DETROIT – There hasn’t been much player reaction this summer to the change behind the Red Wings’ bench for the upcoming season. Most of them left town before Mike Babcock split for Toronto and Michigan native Jeff Blashill made the move to Detroit from Grand Rapids where he coached the past three seasons.
However, based on Riley Sheahan’s endorsement on Monday, it seems like the players overwhelming applaud Blashill’s ascension.
“I think we’re all really happy,” said Sheahan, who was at Joe Louis Arena as a guest counselor for the first day of the Wings annual youth hockey camp.
“You can see the job that he’s done in Grand Rapids and so many of us have played there and played with him, especially the Calder Cup team,” Sheahan added. “He’s had so much success everywhere that he’s gone, so I think all of the guys are pretty happy.
“The guys that played with him before know how he reacts to different situations and knows what he expects. I think in that way some guys will be a little bit more confident, which always helps. It’s definitely a good thing.”
The move is definitely a good fit for the Wings, mainly because so many guys on the current NHL roster spent time in the American Hockey League during Blashill’s tenure, which included winning the Calder Cup in 2013. So, from a leadership standpoint – as well as from not having to learn a new system and terminology from an outside hire – Sheahan said he anticipates a seamless transition from Babcock to Blashill.
“I actually thought they were really similar,” Sheahan said. “The system is pretty similar, there are a few tweaks here and there, but I think obviously, Babs leaving that’s tough to deal (with). He’s such a good coach, but Blash coming in, I think there’s a lot of positivity and a lot of happiness with the guys.”
Sheahan returns for a second full season with the Wings after a solid performance in 2014-15 where he produced 13 goals and 36 points in 79 NHL games. A strong center, he played valuable minutes, primarily in the No. 2 and No. 3 holes last season. But a past knock on him was his skating – which he made improvements on last season – and Babcock always hounded him about shooting more.
“I think I was happy with it,” he said about last season. “I think this year I really want to focus on playing every game a little bit better. Maybe achieving more, getting more points, and just being an every-day player and contributing a little more on the score sheet. I think that’s the biggest thing for me, and offensively I think I have to keep taking steps forward.”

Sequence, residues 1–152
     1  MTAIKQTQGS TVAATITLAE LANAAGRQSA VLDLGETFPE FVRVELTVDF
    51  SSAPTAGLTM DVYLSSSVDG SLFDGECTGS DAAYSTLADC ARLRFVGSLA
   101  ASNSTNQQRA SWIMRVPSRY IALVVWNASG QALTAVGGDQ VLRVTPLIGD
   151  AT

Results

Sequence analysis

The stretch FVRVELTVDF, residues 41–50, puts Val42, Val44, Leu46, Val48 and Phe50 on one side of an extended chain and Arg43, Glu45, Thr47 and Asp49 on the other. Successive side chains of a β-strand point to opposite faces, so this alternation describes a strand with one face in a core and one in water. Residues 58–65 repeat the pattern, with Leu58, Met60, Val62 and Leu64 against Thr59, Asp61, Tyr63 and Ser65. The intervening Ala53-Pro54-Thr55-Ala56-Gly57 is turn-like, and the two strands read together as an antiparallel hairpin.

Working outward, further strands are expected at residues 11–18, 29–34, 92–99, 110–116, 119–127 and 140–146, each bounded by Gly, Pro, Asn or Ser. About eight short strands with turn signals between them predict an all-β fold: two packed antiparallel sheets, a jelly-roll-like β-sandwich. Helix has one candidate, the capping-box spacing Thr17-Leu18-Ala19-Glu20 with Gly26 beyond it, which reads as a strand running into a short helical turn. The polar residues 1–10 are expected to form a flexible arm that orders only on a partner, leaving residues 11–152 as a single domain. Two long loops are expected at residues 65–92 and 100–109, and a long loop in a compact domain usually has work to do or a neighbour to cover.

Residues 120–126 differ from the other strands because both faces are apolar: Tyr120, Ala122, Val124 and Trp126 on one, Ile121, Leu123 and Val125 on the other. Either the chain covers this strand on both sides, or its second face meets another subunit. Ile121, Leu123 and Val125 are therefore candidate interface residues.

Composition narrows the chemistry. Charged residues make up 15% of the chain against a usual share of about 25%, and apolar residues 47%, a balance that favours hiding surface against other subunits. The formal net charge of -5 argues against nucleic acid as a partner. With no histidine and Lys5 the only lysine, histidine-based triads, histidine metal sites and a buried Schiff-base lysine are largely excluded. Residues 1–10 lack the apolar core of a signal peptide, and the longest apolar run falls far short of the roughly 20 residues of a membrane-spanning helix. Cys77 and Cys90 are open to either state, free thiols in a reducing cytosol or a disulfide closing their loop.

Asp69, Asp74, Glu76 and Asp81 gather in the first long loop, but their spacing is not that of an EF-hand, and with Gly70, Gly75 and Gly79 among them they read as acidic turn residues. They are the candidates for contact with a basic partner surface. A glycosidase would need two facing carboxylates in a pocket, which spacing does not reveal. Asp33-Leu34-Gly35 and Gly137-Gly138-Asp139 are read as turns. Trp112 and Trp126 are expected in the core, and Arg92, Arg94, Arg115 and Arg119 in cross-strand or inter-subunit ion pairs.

The Wings know they will begin the season without Pavel Datsyuk, who had ankle surgery in June. How long they will be without the Magic Man is anybody’s guess. But it’s easy to assume that newcomer Brad Richards will fill the center role on the top line until Datsyuk returns, and Sheahan will more than likely play in the middle on the second line.
The Wings signed Richards and defenseman Mike Green on the first day of the free-agency period on July 1. Both veterans will bring experience and influence to the Wings locker room only adding voice to the team’s core leadership group of Henrik Zetterberg, Niklas Kronwall and Datsyuk.
“They’re both amazing players,” said Sheahan of his new teammates. “Obviously, Richards playing on the Stanley Cup team knows what it takes to get there. Green is a great defenseman. Don’t know them personally, but I’ve heard that they’re great guys, and obviously they bring some veteran experience to our team.”
While the line combinations won’t be solidified prior to the team’s main training camp next month in Traverse City, Blashill did say last month that he would consider playing Sheahan on the wing once the team returns to full health.
Should Sheahan be moved to a wing position, it’s conceivable to think that he would play opposition Darren Helm with Luke Glendening centering one of the most formidable third lines in the league.
Unfamiliar with Blashill’s assertion, Sheahan said he’s fine with whatever role he’s given.
“Whatever I have to do, whatever position I’m put in I think I’ll be comfortable with,” he said. “We’re confident in the decisions that he’ll make and if that’s one of them it’s OK with me.
“You don’t like seeing guys get injured, but if someone’s gonna have to step up and hopefully that can be me. It’s huge shoes to fill but I think he’ll be back soon.”